Service, Ambiance, and Decor

16 Sep

There is a high-end restaurant called Evia that specializes in classical Greek cuisine. A couple of years ago, my family made reservations for a late evening dinner. Although I do not recall the exact circumstance of our reservation, I vividly remember Evia’s delicate candlelit ambiance to be quite beautiful, though I suppose humbler than the feast of the Japanese dignitaries Cwiertka mentions in Western Food, Politics, and Fashion. Nevertheless, this restaurant unsurprisingly had courses ranging from $50 to $100 a plate, so it was by no means a mere food joint. As there were plenty of striking parallels between the two food experiences I recall an epiphany I had that evening after finishing my meal.

First of all, food arguably in itself––its taste––maximizes its physical sensory pleasure without having to be upper-class culinary masterpieces. Cwiertka mentions this with the overarching Japanese ideology of washoku as “tasty,” beautiful, yet less classy sustenance compared to the more nutritious and expensive yoshoku. Today, perhaps the tastiest foods out there are from noodle stands along streets in Bangkok or at a hole-in-the-wall taqueria in east LA with burritos to die for. However, what does differ between these types of eateries in terms of “class,” “quality,” and cultural “taste” is use of––as mentioned––service, ambience, and decor. The Seiyoken’s managers understood this, as did our sharply dressed waiter at Evia whose simple actions––describing the evening’s specials in salivating detail, making suggestions with warmth and professionalism, and taking orders through memory without the use of a notepad––elevated my dining experience to that of “taste.”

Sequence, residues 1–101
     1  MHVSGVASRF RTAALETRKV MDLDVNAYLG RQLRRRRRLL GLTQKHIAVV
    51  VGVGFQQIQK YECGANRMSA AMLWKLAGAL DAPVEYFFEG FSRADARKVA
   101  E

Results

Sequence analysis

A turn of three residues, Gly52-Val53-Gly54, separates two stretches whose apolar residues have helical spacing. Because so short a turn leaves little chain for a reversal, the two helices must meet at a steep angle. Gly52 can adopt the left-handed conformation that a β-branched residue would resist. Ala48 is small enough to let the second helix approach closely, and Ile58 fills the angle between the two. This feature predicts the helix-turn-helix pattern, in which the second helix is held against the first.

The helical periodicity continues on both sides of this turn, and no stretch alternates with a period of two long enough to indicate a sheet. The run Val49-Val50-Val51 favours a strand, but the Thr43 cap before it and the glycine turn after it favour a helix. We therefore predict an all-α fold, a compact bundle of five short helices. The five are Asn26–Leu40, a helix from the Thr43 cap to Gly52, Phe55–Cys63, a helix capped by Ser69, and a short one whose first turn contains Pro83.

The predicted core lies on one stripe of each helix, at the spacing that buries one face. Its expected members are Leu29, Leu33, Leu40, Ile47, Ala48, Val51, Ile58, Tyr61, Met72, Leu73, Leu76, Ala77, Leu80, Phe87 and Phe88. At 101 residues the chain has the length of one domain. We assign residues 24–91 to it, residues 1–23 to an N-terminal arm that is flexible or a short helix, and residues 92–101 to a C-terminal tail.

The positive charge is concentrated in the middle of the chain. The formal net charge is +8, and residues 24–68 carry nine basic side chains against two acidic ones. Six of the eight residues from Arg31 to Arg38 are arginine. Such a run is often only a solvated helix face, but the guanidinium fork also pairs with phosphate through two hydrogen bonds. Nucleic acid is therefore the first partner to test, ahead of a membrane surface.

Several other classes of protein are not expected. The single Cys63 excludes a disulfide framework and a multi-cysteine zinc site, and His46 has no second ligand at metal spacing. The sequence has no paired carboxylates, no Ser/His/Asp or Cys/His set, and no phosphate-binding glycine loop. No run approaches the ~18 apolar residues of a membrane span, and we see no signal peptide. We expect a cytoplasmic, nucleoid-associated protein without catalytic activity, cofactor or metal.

Ironically, I ordered the roasted wild boar with vegetable-filled parchment as my main course that evening. The waiter complimented my choice, saying, “It is a most exquisite meat. Once you try wild boar, you can never go back to pork or beef again.” (This is true, he actually did say that.)

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